In our post about caring for your guitars, we shared some simple storage and maintenance techniques to ensure that your guitars stay up-to-snuff and playable. However, that’s only part of the battle when it comes to studio equipment. In fact, perhaps the most prevalent pieces of equipment are your electronics. These include the audio interface, the speakers, the monitors, your rack gear, your effects processors, your amps, etc. Needless to say, that is a lot of equipment to worry about it. This week, we’ll give you some general storage, cleaning and maintenance rules for some of this equipment. You can also check out this article for some general electronics tips.
Much like our discussion on humidity and guitars, the environment is an important consideration for your home studio. In terms of electronics (in any room, not just studios), humidity is often neglected as an important concept. So what are the concerns here? Well, if your humidity is too high, that means that there is a significant amount of water/moisture in the air. Therefore, you run the risk of corrosion on the circuit boards or moving electronic parts. While the risk obviously isn’t as extreme as, say, dumping a bottle of water onto your computer, why would you want to leave your electronics in a room with a lot of moisture 24 hours a day?
Of course, keeping the humidity extremely low isn’t the answer either. At low humidity levels, the risk of strong static charges increases substantially. This could actually cause certain components in your computer, speakers or rack units to short out or wear more quickly. So, the name of the game here is prevention. Make sure you keep your studio within an ideal humidity range (roughly 30“60% humidity) at all times. While you should be fine within this range, it’s often better to be closer to the lower end (30“40%), simply because the risk of static charge is a little less likely/damaging than extended humidity exposure. Keep in mind when using humidifiers or dehumidifiers that humidity levels fluctuate with the seasons (and depending on your location). Keep things within this range, and you’ll have a decently safe place to store your gadgets.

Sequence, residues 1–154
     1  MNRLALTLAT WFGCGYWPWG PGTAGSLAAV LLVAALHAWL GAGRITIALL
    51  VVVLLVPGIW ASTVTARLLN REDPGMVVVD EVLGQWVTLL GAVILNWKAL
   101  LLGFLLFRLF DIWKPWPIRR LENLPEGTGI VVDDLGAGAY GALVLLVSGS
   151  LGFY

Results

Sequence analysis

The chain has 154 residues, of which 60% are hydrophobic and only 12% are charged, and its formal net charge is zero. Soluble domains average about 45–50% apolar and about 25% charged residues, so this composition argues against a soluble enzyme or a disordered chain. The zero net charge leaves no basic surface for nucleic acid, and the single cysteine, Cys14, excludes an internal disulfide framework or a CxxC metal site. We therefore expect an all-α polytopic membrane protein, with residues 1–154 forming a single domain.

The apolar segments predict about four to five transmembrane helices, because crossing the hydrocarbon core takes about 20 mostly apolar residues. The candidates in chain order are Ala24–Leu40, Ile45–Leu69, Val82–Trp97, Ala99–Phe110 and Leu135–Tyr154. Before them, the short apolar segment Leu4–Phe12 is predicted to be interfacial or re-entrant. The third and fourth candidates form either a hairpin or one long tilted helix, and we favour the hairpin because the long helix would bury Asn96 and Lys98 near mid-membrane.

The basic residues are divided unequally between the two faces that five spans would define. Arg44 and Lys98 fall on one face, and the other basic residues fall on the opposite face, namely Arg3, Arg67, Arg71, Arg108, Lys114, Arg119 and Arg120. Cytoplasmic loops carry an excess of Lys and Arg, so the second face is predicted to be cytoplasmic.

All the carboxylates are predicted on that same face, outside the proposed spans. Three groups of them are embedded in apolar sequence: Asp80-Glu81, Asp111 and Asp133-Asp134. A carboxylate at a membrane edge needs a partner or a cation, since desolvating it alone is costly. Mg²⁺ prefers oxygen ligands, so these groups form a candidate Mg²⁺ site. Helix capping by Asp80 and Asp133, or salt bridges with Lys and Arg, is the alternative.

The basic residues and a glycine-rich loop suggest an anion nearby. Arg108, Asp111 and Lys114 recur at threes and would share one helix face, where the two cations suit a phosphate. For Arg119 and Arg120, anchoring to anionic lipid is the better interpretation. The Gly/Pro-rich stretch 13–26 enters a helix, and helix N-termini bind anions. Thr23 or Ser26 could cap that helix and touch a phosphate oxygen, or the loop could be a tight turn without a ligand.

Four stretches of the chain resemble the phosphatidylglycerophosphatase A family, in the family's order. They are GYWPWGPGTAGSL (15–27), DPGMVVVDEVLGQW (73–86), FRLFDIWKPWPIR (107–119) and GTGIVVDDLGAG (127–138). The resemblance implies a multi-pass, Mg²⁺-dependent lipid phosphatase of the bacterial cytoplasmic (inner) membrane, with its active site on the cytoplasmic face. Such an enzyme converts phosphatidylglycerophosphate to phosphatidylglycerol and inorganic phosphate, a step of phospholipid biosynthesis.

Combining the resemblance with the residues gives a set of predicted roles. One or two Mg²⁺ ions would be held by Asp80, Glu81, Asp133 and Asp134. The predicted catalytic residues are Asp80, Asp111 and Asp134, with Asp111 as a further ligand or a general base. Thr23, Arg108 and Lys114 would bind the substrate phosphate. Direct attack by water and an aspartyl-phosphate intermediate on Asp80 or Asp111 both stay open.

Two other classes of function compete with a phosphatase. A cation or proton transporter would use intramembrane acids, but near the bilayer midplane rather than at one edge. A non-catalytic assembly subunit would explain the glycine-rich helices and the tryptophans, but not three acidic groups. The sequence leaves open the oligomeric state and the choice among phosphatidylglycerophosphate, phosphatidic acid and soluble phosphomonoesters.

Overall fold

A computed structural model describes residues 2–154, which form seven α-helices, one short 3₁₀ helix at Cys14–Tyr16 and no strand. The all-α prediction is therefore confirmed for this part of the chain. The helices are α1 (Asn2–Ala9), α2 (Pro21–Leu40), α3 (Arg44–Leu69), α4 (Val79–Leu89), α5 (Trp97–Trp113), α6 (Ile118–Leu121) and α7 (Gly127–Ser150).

Maintenance and Cleaning
We’ll close this article with some simple tips to keep your music electronics clean and maintained. In general, it’s fairly obvious to make sure your electronics are dust-free as often as you can. While this may seem obvious, it’s often neglected. Simply dusting your electronics each day (using a cloth or dust pad), will eliminate a lot of the dust that might get inside of the electronics. If the enclosures are easy to open, you could dust the insides as well, but be wary as there is risk of breakage.
Disclaimer: Don’t attempt to open up electronics unless you understand how they work, as there is always a risk of shock. Please follow the manufacturers’ warnings.
Finally, a few emergency tips are in order. If you are cleaning your monitors or surfaces with cleaners, be cautious about which ones you use. Many computer monitors can be sensitive to many household cleaners (as can most electronics). Also, be aware of how much pressure you are using to clean monitors, as pressing down too hard can cause indents or even cracking (particularly in LCD screens).
Beyond this, if you’ve reached the point of no return by either spilling a liquid on your device or you begin to notice an electrical burning smell, turn the device off immediately. While a burning smell can indicate many different things, and we recommend seeking a trained technician, many guitar amps will smell like this if a fuse or tube is overheating. Therefore, turning off the device and letting it cool down may solve the problem. Shutting off a device and letting it dry after spillage can also solve the problem, as water will only cause short-outs if the device is on (in most cases).
Disclaimer (again): Don’t open the device and try to fix it if you don’t know how to as there as a huge risk of dangerous electric shock. The bottom line: if you are worried, seek a technician’s opinion.